Rafael A. Calvo is Professor at the University of Sydney, and ARC Future Fellow. He worked at the Language Technology Institute in Carnegie Mellon University, Universidad Nacional de Rosario (Argentina) and on sabbaticals at the University of Cambridge and the University of Memphis. Rafael also has worked as an Internet consultant for projects in the US, Australia, Brasil, and Argentina. He is the author of two books and over 100 publications in the fields of learning technologies, affective computing and computational intelligence. Rafael is Associate Editor of the Journal of Medical Internet Research Human Factors (JMIR-HF), co-Editor of the Oxford Handbook of Affective Computing, and co-author of Positive Computing (MIT Press) with Dorian Peters.

Greg Wadley is a Senior Lecturer in the School of Computing and Information Systems at the University of Melbourne, Australia. His research involves the design and evaluation of technologies for health and wellbeing, including collaborative projects in the areas of mental health, social connectedness, hospitalized children, smoking cessation, chronic pain and addiction. He holds degrees in computer science (Queensland), cognitive science (Melbourne), and human-computer interaction (Melbourne). Since 2009 a major focus has been collaboration with an Australian youth mental health clinic to design and trial online social therapies for young people and their carers.

Posters and Social Papers

Sachin Pendse Identity-Based Dimensions of Mental Health and Technology Use: Social Paper for the 4th Symposium on Computing and Mental Health (social)
Nejra Van Zalk and Maarten Van Zalk Longitudinal Links Between Adolescent Social Anxiety and Depressive Symptoms: Testing the Mediational Effects of Cybervictimization (social)
Giovanna Nunes Vilaza and Jakob Bardram Shared-Access Platforms for Behavioural and Health Data: Requirements and Open Challenges (poster)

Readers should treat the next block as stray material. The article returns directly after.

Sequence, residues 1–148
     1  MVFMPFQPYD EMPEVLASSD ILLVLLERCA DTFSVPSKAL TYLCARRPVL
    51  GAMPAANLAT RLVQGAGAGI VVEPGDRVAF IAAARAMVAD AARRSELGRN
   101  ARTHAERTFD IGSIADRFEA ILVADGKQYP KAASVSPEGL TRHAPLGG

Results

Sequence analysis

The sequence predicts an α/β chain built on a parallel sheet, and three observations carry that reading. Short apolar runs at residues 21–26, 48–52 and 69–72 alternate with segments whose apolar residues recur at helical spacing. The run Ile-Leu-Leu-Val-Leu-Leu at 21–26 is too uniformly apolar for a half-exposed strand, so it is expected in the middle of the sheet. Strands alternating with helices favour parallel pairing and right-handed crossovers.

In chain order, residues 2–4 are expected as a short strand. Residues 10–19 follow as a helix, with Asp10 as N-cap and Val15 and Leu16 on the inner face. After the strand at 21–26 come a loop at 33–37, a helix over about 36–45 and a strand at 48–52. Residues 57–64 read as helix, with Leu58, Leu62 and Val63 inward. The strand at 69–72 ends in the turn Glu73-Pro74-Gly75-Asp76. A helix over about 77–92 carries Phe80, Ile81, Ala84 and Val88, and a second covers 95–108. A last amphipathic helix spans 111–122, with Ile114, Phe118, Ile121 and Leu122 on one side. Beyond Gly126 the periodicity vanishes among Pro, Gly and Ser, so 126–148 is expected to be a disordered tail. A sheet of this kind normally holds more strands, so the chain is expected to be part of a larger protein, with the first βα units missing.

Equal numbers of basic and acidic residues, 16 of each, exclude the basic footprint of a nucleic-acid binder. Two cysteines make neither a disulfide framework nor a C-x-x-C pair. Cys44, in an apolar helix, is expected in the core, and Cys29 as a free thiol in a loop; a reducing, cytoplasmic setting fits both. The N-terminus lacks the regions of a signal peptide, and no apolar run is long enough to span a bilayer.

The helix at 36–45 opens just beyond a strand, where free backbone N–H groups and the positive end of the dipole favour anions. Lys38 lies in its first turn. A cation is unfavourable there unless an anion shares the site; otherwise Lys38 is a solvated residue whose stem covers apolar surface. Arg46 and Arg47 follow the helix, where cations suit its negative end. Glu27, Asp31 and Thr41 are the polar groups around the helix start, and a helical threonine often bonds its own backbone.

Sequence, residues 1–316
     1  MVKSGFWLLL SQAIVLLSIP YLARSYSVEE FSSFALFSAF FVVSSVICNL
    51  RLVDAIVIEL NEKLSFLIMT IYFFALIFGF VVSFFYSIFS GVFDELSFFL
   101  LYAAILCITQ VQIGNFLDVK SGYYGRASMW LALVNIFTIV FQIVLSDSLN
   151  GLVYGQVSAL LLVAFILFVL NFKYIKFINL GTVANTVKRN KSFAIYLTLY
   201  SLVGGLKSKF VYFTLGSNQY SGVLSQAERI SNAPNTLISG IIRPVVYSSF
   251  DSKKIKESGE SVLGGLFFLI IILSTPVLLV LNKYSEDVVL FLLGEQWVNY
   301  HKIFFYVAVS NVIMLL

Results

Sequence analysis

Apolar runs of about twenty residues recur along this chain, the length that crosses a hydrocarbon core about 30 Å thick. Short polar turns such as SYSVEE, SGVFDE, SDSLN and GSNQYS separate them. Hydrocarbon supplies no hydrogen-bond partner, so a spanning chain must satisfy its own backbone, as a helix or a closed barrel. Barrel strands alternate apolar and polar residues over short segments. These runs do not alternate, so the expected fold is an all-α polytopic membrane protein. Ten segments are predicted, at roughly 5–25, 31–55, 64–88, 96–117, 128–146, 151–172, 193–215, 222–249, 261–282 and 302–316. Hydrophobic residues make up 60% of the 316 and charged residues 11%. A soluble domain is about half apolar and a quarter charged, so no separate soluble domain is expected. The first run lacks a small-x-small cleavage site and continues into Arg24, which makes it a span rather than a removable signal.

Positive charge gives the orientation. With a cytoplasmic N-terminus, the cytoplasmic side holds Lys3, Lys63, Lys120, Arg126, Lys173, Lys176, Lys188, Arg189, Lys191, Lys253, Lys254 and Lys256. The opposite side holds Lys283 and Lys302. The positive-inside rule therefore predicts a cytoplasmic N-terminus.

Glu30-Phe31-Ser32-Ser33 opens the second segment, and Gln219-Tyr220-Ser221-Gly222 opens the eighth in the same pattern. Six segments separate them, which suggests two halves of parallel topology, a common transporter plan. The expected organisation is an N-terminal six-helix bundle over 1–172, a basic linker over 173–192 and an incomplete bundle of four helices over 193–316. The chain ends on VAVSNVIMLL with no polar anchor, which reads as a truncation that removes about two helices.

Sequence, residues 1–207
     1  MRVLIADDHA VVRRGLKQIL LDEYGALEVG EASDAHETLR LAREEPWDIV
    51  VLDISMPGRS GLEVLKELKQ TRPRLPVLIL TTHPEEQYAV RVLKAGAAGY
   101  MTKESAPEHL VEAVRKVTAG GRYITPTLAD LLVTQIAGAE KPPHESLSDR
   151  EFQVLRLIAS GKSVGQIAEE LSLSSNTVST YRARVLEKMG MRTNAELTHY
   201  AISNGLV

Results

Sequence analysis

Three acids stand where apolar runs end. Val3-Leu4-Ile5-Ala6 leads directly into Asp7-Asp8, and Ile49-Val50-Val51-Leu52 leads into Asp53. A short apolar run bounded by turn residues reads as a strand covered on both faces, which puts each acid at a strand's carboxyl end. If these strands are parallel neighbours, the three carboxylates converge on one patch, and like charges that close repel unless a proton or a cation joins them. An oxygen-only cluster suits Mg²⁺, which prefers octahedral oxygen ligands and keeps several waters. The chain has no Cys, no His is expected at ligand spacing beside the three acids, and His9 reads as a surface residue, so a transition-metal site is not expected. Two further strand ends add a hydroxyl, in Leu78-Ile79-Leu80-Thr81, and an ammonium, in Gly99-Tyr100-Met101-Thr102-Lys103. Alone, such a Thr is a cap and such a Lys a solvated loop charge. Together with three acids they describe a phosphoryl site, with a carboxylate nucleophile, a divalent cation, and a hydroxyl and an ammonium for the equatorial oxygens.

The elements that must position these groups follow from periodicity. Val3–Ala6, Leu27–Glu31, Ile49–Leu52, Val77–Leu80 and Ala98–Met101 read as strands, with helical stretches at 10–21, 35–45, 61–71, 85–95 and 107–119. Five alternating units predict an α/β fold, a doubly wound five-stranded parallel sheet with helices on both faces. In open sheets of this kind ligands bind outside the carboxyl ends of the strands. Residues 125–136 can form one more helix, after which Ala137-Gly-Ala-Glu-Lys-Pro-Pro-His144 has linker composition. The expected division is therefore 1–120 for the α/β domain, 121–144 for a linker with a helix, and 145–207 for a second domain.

Sasha Danilina, Anna Cox, Sonia Johnson and Andres Fonseca Deriving design implications for serious videogame for people with psychosis (poster)
Simon D’Alfonso and Mario Alvarez-Jimenez An Introduction to eOrygen (social)
Jakob E. Bardram On the Design of Technology and Applications for Personal Health Technology in Mental Health – A Social Paper (social)
Pegah Hafiz Pegah Hafiz, PhD Candidate – Social Paper (social)
Max Birk Social Paper: Max V. Birk (social)
Hashini Senaratne, Kirsten Ellis, Sharon Oviatt and Glenn Melvin Towards Efficacious Mobile Technologies for Anxiety Self-Regulation (poster)
Hashini Senaratne Social Paper: Hashini Senaratne (social)
Elvira Perez Vallejos, Tommy Nilsson, Peer-Olaf Siebers, Penelope Siebert, Michael Craven and Carolina Fuentes Untangling multi-stakeholder perspectives in digital mental healthcare (poster)
Julio Vega Social Paper: Julio Vega (social)
Marcel Neuenhaus Marcel Neuenhaus – Social Paper (social)
Yavuz Inal, Frode Guribye, Jo Wake, Sunniva Myklebost and Tine Nordgreen Integrating Usability Evaluations into the Design of an Internet Based Cognitive Remediation Program (poster)
Toni Michel Issues regarding the Person-Activity Fit of Youth Mental Health Apps (poster)
Carla Nave Carla Nave – Current Research (social)
Sachin Pendse and Amit Sharma Cross-Cultural Differences in the Use of Online Mental Health Support Forums (poster)